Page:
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Snippit's Mobile Social Network Combines Music Clips and Photos

Snippit-logoSnippit is a media sharing and social networking app for iOS that is worth considering for its integration of music. Users pair short clips from songs, up to 10 seconds long, with individual photos that are then displayed in a public stream. Links to iTunes for track sales are included. I spoke earlier this week with co-founders Joe Grano and Sam Jurist about Snippit and how it might help musicians.

Snippit is a nicely designed iOS app that allows you to take a sound clip from songs on your phone or from iTunes preview samples and pair them with a photo and caption for a quick statement.

My brief use of the app suggested that the main feed is the big draw, especially for those without a network of friends on Snippit. The short length of the audio clips makes the Snippit posts easy to consume.

The audio clips are on autoplay which normally would be a horrendously annoying choice. However given their brevity and the way the feed flows it actually ends up seeming integral to the app. Having to click on each audio clip can become a surprisingly powerful obstacle to users.

Snippit-feedI had initially gotten confused and thought of Snippit as a messaging app. Previous efforts of which I'm aware to make music messaging work have failed and I believe that's partly due to the somewhat bulky nature of using whole songs to communicate relatively brief messages.

Though Snippit is more of a Twitter-like public feed of posts mostly combining pics and audio clips, Sam Jurist and Joe Grano did agree that whole songs are too awkward for quick browsing as entertainment.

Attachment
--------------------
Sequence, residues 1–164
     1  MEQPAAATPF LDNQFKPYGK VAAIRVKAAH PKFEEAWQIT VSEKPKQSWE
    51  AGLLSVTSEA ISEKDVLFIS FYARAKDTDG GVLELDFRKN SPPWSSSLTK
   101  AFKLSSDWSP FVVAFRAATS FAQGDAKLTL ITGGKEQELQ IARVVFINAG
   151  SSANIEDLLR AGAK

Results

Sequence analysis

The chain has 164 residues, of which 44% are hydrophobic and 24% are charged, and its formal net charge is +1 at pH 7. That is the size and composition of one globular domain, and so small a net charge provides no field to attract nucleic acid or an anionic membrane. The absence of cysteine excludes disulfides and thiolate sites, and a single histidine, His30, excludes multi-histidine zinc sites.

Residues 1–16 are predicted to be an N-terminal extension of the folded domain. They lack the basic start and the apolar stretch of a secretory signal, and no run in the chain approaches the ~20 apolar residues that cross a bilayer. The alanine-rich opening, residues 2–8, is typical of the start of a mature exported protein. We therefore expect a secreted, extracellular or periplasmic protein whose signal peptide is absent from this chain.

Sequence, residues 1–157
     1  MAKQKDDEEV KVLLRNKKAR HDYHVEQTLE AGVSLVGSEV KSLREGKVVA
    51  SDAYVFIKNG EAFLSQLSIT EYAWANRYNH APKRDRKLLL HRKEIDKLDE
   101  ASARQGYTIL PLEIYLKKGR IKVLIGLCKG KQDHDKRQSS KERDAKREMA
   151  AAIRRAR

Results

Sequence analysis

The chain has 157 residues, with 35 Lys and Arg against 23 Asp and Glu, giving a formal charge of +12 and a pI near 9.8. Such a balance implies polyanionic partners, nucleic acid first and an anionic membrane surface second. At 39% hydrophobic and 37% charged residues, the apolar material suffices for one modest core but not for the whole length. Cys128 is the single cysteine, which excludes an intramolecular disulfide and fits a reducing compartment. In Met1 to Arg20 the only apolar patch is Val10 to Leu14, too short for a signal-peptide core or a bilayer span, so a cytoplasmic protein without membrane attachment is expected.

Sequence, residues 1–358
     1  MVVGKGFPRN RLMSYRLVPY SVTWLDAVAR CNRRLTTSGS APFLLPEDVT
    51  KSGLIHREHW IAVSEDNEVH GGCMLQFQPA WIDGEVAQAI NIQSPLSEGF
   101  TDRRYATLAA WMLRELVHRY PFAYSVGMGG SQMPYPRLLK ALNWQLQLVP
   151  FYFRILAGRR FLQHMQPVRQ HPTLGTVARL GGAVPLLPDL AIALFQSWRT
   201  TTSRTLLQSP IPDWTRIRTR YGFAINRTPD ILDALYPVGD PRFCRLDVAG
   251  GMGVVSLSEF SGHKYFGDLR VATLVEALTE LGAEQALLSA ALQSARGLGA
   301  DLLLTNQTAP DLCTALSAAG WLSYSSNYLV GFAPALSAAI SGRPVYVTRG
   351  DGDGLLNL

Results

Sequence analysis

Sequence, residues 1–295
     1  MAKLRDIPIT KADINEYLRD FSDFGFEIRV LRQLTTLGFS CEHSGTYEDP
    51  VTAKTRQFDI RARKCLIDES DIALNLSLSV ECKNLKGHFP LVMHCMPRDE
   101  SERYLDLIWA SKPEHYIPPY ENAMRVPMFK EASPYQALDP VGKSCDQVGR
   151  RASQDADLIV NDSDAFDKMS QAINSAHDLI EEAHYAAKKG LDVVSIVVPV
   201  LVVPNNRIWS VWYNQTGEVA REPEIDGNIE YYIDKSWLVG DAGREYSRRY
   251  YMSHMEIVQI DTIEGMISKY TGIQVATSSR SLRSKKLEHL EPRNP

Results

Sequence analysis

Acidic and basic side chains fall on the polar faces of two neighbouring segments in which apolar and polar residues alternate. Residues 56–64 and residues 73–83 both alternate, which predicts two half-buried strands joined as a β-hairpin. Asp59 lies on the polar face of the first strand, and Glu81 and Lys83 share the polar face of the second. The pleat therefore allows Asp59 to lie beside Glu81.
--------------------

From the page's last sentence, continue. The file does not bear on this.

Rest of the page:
Focusing on brief clips allows Snippit to claim fair use but they're also trying to find ways to support musicians. Linking out to iTunes is one way they're doing that.

They also feel that musicians will be able to use Snippit to promote as they would on other social media platforms. And though Snippit's feed is currently only available via the mobile app, individual posts can be linked to and shared on the web.

We discussed marketing possibilities, such as encouraging fans to create the best post using a particular song or clip. Certainly contests and the like have worked well on such platforms, especially in the early days, but the draw for musicians will ultimately become strongest if a vibrant community emerges.


Hypebot Senior Contributor Clyde Smith (Twitter/Facebook) is currently relaunching All World Dance. To suggest topics about music tech, DIY music biz or music marketing for Hypebot, contact: clyde(at)fluxresearch(dot)com.